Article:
Topping all 59 of our Pinot Noir barrels from the 2019 vintage. November 2020.
One month later on the first day of bottling, with my wife, Breauna. December 2020.
Topping is essentially the most regular chore I do during the aging of the wine. So, this Yellow Notepad entry is for those of you who don’t know what topping is.
The French oak barrels obviously hold the liquid successfully, but they’re plenty porous enough to allow for evaporation. Part of the wine’s aging process is oxygen slowly penetrating into the barrel, and some of the wine slowly evaporating away. But we want to limit the amount of oxygen the Pinot Noir is exposed to. You can imagine that as wine evaporates, the liquid level gets lower in the barrel, and oxygen exposure increases. So I have to go in and add more wine every three weeks. That’s topping.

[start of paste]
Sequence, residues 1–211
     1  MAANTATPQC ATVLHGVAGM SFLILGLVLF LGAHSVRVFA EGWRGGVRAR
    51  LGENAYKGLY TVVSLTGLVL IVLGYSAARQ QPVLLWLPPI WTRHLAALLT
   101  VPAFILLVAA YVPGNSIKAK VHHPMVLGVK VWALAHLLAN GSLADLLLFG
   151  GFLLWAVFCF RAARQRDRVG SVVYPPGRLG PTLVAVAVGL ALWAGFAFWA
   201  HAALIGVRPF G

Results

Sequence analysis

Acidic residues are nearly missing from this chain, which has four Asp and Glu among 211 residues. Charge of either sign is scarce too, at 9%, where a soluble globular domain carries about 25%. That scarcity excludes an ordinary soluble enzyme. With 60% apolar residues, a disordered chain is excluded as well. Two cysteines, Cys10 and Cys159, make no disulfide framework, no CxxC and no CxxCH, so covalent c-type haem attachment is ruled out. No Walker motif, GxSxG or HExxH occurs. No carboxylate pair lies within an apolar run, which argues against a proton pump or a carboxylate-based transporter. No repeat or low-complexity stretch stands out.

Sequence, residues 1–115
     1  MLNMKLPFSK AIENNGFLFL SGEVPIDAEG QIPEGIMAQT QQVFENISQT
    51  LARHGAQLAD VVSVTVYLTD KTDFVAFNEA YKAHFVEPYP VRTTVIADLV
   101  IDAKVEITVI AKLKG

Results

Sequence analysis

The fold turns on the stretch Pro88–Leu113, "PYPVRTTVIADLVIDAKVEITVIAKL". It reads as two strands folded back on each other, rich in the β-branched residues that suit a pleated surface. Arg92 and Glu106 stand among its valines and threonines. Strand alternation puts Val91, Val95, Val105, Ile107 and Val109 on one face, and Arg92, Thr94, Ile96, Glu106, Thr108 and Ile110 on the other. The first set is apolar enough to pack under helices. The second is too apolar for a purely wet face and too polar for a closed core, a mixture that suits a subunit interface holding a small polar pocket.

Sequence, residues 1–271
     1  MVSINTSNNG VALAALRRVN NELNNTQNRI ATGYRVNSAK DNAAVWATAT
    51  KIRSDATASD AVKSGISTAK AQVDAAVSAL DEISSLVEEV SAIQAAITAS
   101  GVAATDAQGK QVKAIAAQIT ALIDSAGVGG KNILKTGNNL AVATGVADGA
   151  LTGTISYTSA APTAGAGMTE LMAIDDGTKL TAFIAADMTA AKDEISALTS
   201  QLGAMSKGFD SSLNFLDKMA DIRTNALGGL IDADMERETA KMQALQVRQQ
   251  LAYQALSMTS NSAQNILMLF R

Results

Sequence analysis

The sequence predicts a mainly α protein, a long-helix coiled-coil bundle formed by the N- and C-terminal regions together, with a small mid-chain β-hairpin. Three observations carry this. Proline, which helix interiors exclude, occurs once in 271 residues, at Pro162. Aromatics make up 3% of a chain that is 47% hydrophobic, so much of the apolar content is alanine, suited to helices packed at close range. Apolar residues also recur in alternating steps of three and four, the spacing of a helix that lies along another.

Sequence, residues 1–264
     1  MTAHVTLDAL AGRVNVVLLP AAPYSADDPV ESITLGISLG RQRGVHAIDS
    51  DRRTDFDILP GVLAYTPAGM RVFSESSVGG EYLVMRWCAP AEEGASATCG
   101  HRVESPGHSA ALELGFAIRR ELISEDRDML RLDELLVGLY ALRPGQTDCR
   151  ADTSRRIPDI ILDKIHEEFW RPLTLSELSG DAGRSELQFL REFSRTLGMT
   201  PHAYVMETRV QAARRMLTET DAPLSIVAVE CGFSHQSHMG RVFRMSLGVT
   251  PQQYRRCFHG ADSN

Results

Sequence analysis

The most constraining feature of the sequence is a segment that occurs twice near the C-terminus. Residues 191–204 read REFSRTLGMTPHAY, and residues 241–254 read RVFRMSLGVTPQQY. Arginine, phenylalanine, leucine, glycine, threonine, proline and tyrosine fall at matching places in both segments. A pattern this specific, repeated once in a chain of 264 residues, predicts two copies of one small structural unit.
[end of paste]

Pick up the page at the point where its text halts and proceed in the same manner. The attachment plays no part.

We keep the room temperature at about 55 degrees, and the humidity at 70 percent. If we kept the barrels any warmer or drier, you’d be surprised how much more quickly the wine would evaporate.
The wine I use for topping comes out of metal kegs. Initially, I break a barrel down and use it to top all the other barrels, but then I end up with a partial barrel — so I break the partial barrel down into kegs, and the kegs end up being my topping material going forward.
The top photo (so to speak) is the last time I topped the 2019s before blending and bottling. The next time I touched those barrels, I was taking all the wine out, blending into tank, and making sure everything was polished up. I always take one final look at the chemistry and usually adjust the dissolved CO2, dissolved oxygen, and sulfur right there at the end — just to make sure it’s perfect before it goes into bottle. From a volume standpoint, I’m turning 59 barrels into 6 wines into tens of thousands of bottles. So tweaking those six wines in tank is the last time that I, as a winemaker, get to look at everything. Then it’s pencils down — to use an engineering term — and we release the wines out into the wild.
A keg of wine for topping.